Physics--This course is a laboratory-based course that involves the study of physical occurrences in nature. A strong math background is needed for this course as it is primarily an equation-based, problem-solving course. (4.5)
AP Environmental Science--An advanced science course designed for students who do not need a STEM-based course for their major in college. This rigorous course explores and investigates the interrelationships of the natural world and analyzes environmental problems, both natural and human-made, and includes an optional End-of-Course exam. Laboratory investigations and fieldwork is required. Successful completion of a life science, a physical science, AND Algebra I is required. (5.0)
Spanish I--Emphasizes basic conversational skills, basic grammar, and vocabulary of the Spanish language as well as learning cultural characteristics among Spanish-speaking countries. Simple creative writing skills will be developed. (4.0)
Spanish II--emphasizes grammar and further conversational and writing skills. Reading comprehension is a vital part of this course. The culture of the Spanish-speaking world is presented in written and spoken Spanish. A "C" or above average in Spanish I is HIGHLY recommended. (4.0)
AP Spanish--An advanced world language and culture study of the Spanish language skills. Students are immersed in a 100% Spanish communication environment that studies real-life materials such as newspaper articles, films, music, and books. There is an optional End-of-Course exam. Students are required to complete Spanish I, Spanish II, and must obtain a letter of recommendation from the Spanish instructor prior to enrolling in the course. (5.0)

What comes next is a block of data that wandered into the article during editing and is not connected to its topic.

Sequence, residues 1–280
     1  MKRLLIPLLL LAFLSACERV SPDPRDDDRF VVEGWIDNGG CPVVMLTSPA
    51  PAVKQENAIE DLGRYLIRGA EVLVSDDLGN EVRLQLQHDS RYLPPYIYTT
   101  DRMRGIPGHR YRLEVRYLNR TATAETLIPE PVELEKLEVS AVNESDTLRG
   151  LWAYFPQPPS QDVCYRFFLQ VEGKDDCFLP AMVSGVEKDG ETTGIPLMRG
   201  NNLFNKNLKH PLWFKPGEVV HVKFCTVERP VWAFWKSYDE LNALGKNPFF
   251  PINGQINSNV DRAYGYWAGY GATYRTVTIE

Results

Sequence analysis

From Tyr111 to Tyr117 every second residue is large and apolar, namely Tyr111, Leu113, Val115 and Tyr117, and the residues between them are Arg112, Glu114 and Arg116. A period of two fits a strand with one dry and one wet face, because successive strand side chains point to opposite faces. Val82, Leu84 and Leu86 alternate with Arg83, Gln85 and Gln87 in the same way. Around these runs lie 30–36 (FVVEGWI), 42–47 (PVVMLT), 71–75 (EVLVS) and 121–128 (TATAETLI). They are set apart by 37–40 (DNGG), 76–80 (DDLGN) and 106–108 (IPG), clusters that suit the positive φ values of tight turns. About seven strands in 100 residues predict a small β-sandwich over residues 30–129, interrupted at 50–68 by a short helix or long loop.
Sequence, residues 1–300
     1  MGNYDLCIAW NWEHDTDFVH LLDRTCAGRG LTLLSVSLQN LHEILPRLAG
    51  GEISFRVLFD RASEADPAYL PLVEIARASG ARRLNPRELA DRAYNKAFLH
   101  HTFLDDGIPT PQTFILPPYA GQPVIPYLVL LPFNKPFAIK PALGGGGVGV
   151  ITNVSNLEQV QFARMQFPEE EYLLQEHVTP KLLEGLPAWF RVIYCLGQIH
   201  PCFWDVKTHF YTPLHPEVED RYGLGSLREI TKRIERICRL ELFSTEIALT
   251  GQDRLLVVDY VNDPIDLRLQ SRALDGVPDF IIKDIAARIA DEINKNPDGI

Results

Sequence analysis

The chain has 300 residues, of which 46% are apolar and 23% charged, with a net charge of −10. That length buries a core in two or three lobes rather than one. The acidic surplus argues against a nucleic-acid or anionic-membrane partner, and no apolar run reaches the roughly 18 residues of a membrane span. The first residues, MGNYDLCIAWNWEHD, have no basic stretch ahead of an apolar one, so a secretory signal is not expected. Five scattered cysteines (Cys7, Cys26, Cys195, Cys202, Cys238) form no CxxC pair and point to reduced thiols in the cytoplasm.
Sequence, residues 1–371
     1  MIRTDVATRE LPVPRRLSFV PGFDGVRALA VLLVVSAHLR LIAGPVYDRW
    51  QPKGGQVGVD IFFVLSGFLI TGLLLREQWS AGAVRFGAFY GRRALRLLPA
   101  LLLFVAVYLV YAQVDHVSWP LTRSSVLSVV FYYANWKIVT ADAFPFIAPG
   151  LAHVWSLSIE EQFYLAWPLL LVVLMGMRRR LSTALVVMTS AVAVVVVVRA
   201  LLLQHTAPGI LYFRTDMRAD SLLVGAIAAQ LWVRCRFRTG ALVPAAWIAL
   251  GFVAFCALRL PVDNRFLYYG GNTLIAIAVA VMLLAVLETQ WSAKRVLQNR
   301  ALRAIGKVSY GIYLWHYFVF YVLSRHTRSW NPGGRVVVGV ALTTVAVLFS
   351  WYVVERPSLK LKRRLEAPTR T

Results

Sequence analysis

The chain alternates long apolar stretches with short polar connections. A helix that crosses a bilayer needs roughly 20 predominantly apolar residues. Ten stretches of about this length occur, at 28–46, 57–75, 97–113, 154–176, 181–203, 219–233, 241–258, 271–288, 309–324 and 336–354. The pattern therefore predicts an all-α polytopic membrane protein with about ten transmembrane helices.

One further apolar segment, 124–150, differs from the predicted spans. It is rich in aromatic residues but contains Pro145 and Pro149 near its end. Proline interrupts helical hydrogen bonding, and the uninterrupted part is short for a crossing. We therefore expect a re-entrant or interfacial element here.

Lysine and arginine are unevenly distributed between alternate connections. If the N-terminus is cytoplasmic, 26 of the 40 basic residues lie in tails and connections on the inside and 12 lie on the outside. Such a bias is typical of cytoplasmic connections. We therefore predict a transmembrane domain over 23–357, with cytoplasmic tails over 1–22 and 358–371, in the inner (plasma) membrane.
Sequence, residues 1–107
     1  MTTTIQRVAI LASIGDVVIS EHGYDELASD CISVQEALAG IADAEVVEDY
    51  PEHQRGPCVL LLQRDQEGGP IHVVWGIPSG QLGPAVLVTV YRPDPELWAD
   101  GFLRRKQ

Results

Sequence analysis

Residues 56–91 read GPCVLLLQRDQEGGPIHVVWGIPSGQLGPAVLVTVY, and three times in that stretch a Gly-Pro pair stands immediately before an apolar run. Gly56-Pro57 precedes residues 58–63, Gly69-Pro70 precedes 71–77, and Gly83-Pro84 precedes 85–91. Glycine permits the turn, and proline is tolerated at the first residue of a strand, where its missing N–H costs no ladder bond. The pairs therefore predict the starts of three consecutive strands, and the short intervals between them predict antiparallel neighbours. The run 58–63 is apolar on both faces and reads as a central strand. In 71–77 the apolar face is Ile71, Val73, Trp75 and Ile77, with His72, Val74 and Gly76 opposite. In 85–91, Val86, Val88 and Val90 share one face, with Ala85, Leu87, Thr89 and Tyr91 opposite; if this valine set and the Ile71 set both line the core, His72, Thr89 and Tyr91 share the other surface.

Art I--This is a comprehensive program teaching students the basic concepts of visual arts. It employs the students' capacity to take skills in working with line, shape, form, space, color, value, and texture then applying learned skills in creating original solutions. Non-verbal reasoning and the ability to problem-solve are paramount. (4.0)
DC Art Appreciation-- A general introduction to the visual arts designed to create an appreciation of the vocabulary, media, techniques, and purposes of the creative process. Students will critically interpret and evaluate works of art within formal, cultural, and historical contexts. (5.0)
Career and Technical
Culinary Arts I--The vocational course will cover the fundamental principles of Culinary I through basic cooking methods and food preparation, safety and sanitation, food storage, units of measurements, and knife skills. Students develop basic skills and knowledge of institutional cooking within a classroom and laboratory setting. Students will learn various cooking techniques and will be asked to demonstrate their understanding through menu selection, preparation for local fundraisers or community collaborations. (4.0)
Advanced Placement Classes
at the ALC
AP® enables students to pursue college-level studies while still in high school. Through more than 30 courses, each culminating in a rigorous exam, AP provides willing and academically prepared students with the opportunity to earn college credit and/or advanced placement.
These are summaries of the AP Course that are currently offered at the ALC. If you are considering taking an AP class please click on the page to open it in a separate window to view. Included are summaries, prerequisites, college course equivalents, exam overviews, and courses at a glance. This information will give you a better understanding of the course and the challenges it entails.